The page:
Image Super-Resolution Using Deep Convolutional Network (Dong et al. 2014) introduced the Super-Resolution Convolutional Neural Network (SR-CNN for short) that can enhance the resolution of original image. SR-CNN is deep convolutional neural network that learns end-to-end mapping of low resolution to high resolution image. In this post, we will dig into the basic principles of SR-CNN, and implement it.

## Required Packages

import sys, os
import math
import tensorflow as tf
import numpy as np
import pandas as pd
import cv2
import matplotlib as mpl
import matplotlib.pyplot as plt
import skimage


## Version check

print('Python: {}'.format(sys.version))
print('Numpy: {}'.format(np.__version__))
print('Pandas: {}'.format(pd.__version__))
print('OpenCV: {}'.format(cv2.__version__))
print('Tensorflow: {}'.format(tf.__version__))
print('Matplotlib: {}'.format(mpl.__version__))
print('Scikit-Image: {}'.format(skimage.__version__))

Python: 3.7.6 (default, Jan  8 2020, 19:59:22)
[GCC 7.3.0]
Numpy: 1.18.1
Pandas: 1.0.1
OpenCV: 4.3.0
Tensorflow: 2.2.0
Matplotlib: 3.1.3
Scikit-Image: 0.16.2


## Metric Functions

Actually, when we saw the raw image, we cannot make sure that this image is whether high resolution image or not. There are several metrics to measure image quality, and we will use

Defined in Wikipedia, PSNR is an engineering term for the ratio between the maximum possible power of a signal and the power of corrupting noise that affects the fidelity of its representation. As you can see the term "Ratio" in words, it is usually expressed in terms of logarithmic decibel (dB) scale, and has following relation,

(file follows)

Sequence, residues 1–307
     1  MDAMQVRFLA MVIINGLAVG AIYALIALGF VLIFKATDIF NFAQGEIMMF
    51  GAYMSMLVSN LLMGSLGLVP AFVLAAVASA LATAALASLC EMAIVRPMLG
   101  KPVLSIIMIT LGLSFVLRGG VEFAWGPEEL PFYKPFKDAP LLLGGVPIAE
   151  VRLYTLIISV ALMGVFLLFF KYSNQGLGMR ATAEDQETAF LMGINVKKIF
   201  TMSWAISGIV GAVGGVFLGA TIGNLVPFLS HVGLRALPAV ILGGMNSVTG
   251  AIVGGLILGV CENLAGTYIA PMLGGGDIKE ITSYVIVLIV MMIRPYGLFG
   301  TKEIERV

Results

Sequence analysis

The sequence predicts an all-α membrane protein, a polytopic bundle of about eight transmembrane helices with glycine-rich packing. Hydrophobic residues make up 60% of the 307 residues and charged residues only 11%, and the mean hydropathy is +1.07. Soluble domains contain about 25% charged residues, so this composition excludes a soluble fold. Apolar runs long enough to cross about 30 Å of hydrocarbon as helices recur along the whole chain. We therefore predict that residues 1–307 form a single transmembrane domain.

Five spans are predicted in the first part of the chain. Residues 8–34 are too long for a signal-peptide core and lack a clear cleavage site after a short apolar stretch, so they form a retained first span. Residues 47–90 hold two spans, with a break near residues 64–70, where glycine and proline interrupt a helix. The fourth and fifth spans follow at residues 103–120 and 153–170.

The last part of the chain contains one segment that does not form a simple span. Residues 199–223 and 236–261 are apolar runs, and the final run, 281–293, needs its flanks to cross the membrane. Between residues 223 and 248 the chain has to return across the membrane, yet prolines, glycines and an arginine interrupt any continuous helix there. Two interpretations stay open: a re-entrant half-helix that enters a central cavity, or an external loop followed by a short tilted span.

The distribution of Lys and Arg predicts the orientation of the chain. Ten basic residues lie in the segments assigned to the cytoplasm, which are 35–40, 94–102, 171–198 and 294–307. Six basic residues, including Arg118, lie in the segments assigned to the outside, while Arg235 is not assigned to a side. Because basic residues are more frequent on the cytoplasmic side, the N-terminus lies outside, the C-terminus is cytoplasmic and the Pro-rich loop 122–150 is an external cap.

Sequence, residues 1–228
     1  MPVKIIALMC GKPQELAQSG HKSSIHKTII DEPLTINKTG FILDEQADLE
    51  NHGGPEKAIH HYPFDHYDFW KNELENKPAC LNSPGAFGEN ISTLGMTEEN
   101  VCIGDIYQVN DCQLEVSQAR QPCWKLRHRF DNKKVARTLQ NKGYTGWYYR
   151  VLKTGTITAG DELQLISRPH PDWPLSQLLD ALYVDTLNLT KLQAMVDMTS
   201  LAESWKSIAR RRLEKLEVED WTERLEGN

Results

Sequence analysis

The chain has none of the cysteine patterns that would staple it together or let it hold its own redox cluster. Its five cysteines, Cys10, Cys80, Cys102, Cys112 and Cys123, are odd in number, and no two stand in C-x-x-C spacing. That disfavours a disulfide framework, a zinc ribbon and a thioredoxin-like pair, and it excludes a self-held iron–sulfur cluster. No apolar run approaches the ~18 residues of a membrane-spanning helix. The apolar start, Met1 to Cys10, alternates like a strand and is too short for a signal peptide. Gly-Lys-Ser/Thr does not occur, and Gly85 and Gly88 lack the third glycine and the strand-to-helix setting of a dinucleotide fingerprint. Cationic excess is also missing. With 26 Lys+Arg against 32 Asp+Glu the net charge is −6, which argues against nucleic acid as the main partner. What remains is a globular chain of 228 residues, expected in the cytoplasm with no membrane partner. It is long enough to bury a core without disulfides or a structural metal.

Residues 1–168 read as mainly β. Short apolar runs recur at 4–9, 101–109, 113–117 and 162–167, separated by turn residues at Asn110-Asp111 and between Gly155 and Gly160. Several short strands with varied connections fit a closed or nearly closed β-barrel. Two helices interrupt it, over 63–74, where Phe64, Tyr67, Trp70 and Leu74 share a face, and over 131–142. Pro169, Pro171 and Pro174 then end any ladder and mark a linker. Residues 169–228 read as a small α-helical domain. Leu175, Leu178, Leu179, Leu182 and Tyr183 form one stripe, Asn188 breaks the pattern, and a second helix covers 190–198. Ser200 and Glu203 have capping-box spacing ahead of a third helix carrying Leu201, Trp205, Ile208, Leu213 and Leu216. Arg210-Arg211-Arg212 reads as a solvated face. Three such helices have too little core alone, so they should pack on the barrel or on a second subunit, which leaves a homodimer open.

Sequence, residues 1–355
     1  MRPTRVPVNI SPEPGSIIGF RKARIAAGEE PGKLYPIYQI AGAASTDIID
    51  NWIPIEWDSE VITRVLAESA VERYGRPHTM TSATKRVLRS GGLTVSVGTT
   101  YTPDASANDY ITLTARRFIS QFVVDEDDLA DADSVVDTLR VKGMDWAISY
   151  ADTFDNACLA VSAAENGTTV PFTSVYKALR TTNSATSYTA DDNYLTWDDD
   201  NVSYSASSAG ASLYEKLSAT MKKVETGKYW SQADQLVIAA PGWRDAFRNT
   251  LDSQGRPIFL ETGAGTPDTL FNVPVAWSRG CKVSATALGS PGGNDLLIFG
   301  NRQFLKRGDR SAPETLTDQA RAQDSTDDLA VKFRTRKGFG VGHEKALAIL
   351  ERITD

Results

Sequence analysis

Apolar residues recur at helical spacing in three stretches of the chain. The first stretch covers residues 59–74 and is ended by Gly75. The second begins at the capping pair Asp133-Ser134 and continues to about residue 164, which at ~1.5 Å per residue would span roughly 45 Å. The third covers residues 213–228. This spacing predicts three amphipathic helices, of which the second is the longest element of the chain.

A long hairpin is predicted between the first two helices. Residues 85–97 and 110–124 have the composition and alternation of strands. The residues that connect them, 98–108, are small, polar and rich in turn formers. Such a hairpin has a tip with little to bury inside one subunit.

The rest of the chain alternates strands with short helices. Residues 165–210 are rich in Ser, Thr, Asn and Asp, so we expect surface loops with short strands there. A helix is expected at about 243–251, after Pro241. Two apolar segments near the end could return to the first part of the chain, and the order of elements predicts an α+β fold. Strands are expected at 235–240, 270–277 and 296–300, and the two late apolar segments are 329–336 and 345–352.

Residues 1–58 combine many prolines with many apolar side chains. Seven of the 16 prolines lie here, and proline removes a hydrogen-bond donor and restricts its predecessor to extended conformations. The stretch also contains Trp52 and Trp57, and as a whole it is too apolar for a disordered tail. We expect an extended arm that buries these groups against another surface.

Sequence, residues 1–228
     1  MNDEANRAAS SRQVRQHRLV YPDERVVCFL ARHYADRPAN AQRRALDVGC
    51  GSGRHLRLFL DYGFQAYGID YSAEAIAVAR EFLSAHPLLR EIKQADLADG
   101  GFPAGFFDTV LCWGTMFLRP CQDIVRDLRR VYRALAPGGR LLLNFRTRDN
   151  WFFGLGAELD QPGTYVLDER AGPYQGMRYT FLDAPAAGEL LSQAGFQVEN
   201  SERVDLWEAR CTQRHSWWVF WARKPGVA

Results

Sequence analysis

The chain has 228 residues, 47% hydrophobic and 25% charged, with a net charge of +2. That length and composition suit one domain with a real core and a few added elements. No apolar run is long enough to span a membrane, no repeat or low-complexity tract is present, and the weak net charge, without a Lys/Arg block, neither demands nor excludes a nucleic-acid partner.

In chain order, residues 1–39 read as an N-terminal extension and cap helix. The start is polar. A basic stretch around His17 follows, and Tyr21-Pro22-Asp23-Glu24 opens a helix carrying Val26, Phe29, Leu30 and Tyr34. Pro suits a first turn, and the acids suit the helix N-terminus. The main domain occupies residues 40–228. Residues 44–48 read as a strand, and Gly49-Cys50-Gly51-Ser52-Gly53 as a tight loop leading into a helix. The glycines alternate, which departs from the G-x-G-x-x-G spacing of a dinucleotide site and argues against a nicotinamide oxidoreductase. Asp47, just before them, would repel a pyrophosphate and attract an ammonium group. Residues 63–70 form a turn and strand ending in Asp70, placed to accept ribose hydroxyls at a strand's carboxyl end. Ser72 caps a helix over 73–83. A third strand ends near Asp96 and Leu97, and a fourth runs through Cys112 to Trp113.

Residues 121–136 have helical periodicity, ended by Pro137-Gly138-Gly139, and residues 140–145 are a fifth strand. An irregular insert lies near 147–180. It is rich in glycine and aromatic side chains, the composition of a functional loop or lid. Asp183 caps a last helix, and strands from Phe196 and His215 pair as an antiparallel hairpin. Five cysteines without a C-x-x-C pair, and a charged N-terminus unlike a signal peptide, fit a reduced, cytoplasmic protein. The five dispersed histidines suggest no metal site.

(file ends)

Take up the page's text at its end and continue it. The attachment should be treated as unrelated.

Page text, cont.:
$$\text{MSE} = \frac{1}{mn} \sum_{i=0}^{m-1} \sum_{j=0}^{n-1}[I(i, j) - K(i, j)]^2$$

Here, $I$ is monochrome image and $K$ is its noisy approximation. Expressed in dB scale,

\begin{aligned} PSNR &= 10 \cdot \log_{10} \Big(\frac{\text{MAX}_I^2}{\text{MSE}}\Big) \\ &= 20 \cdot \log_{10}(\text{MAX}_I) - 10 \cdot \log_{10}(\text{MSE}) \end{aligned}

From the formula, Image quality will be better if the PSNR value is high, since maximum pixel value is much higher than MSE value.

And SSIM is a method for predicting the perceived quality, and it is used for measureing the similarity between two images. If this value is close to 1, then two images are identical. Otherwise, two images will be totally different. Think about it that we can increase PSNR while maintaining the SSIM. That maybe works in CNN. So it is required to define these metrics.

### Peak Signal-to-Noise Ratio (PSNR)

Note: OpenCV has psnr method (cv2.psnr), but we implement this manually here
def psnr(target, ref):
# Assume target is RGB/BGR image
target_data = target.astype(np.float32)
ref_data = ref.astype(np.float32)

diff = ref_data - target_data